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Building & strengthening relationships in delay-heavy environment?

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Can anyone share any tips for building & strengthening relationships with your Government contracting counterparts in a delay-heavy environment? I'm on the industry side, and joined a new program about 2 months ago that's been plagued by a series of late hardware deliveries, most due to supply chain issues. Many of my communications to the customer so far have been notifying them of these misses, and our plans for mitigating.

Beyond that, I'm trying to develop good working relationships with my PCO, specialist & COR, with limited success so far (COR is great, PCO & specialist are hard to get a hold of). I've spoken with my predecessor about it, and he essentially told me "that's the way it's always been." I've never particularly cared for that mindset, so I'm trying to figure out some solutions. I've spoken with my PCO on other issues, but have not received his buy in on a regular tag up to review ongoing issues/concerns. 

What are some ways a contracts lead in industry can bridge the gap, so to speak, with his Government counterparts? What are some ways he can make things easier for the Government? What do they really care about in this environment? What solutions can I offer my counterparts? I'm still semi-new to Government contracting, so I'm open any ideas or suggestions from some of the more seasoned folks here on this board. 

P.S. My supply chain POC recently told me "I'd hate to be in contracts right now. You're not going to deliver anything on time for the next 5 years." Yay.

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  • 6 months later...

Mike, in an effort to respond to your valid question here (somewhat belatedly) please see my January 27, 2023 post in your topic “How can industry contracts strengthen the Government/industry relationship post award.”

I said: ”I’ll take the risk and offer one more tale from the Army Corps of Engineers regarding establishing post award relationships with contractors. The USACE established a policy in the early 1990’s to offer (in solicitations) a voluntary “partnering “ process with all of our contractors. I won’t elaborate here. Here is a link to the Partnering Process. I think the policy is still in effect.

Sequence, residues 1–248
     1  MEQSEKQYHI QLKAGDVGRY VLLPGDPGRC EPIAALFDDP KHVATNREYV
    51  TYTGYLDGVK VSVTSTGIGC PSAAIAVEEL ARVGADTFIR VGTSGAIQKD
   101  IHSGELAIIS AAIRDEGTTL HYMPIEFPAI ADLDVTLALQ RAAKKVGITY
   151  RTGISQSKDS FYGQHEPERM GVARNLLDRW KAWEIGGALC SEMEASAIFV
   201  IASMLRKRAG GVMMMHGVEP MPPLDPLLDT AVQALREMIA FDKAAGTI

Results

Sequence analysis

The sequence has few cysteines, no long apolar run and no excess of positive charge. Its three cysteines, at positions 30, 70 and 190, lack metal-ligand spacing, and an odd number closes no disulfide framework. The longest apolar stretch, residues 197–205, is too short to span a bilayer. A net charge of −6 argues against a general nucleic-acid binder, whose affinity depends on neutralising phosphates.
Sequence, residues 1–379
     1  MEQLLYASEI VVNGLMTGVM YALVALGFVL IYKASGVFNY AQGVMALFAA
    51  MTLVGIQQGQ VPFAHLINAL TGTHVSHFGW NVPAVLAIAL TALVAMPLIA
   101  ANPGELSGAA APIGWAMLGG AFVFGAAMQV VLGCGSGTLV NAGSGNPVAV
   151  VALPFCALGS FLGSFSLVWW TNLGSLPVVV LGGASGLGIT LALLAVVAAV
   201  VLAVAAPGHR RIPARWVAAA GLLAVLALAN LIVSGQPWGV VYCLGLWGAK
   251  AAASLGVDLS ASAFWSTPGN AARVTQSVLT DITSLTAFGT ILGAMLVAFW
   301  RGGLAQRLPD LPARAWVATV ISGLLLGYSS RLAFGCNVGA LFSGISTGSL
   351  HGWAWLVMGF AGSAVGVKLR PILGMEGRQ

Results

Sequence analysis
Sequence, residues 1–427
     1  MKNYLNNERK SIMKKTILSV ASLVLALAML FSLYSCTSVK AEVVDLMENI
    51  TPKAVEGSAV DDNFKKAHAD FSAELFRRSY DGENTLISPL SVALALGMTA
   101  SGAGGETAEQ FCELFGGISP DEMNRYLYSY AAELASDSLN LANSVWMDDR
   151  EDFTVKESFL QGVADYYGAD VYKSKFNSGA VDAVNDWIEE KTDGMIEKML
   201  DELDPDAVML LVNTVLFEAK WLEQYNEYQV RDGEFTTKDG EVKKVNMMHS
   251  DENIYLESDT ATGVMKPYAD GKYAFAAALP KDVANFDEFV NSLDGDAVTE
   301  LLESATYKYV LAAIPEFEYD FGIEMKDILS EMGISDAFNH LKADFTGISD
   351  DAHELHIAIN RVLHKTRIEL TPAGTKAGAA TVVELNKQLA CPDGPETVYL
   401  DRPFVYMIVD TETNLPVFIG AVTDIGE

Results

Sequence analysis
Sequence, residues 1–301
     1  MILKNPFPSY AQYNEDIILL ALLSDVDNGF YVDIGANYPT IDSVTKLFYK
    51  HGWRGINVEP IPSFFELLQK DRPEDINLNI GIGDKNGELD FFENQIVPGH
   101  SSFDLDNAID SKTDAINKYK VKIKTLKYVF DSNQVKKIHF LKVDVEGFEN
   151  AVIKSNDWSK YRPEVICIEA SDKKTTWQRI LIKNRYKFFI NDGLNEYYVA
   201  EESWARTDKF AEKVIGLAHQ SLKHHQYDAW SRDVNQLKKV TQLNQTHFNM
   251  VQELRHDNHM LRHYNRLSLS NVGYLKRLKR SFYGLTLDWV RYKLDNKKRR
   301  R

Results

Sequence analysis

Each party generally covers their own costs of participation in Partnering. Depending upon the size and complexity of the program, Partnering may also Include all internal and external stakeholders.

Smaller contracts include simpler partnering processes. 

https://www.iwr.usace.army.mil/Portals/70/docs/cpc/91-ADR-P-4_Partnering.pdf. “


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Mike, this program was like pulling teeth to many of the old curmudgeons in the Corps when it first started on some Civil Works projects, then expanded to Military and other programs.

Mobile District and South Atlantic Division ran pilot testing of the Partnering process back in late 1980’s on a Civil Works Navigation Lock replacement contract in Tuscaloosa, AL and a large Military Construction contract at Arnold Engineering Development Complex (AEDC) at Arnold AFB in Tullahoma, TN .

As I recall, partnering on the Civil works pilot project pretty much failed (old school government participants were involved and the contractor was “difficult”). However, partnering on the Military Construction pilot project at AEDC was a success. The Corps’ Arnold Resident Office Engineer and his Assistant  RE became some of the first partnering Facilitators on contracts Corps-wide.

I don’t know whether the Lock Replacement project was an IFB or RFP. The Arnold project was RFP. I don’t believe that Partnering will be as successful on  IFB projects (low bid), where the price “loser” wins the contract.

Partnering can work well on small contracts too. It’s simpler but the basics of Partnering are applicable to all.

And it isn’t limited to Construction. It’s been used on some large Service contracts,  too. 

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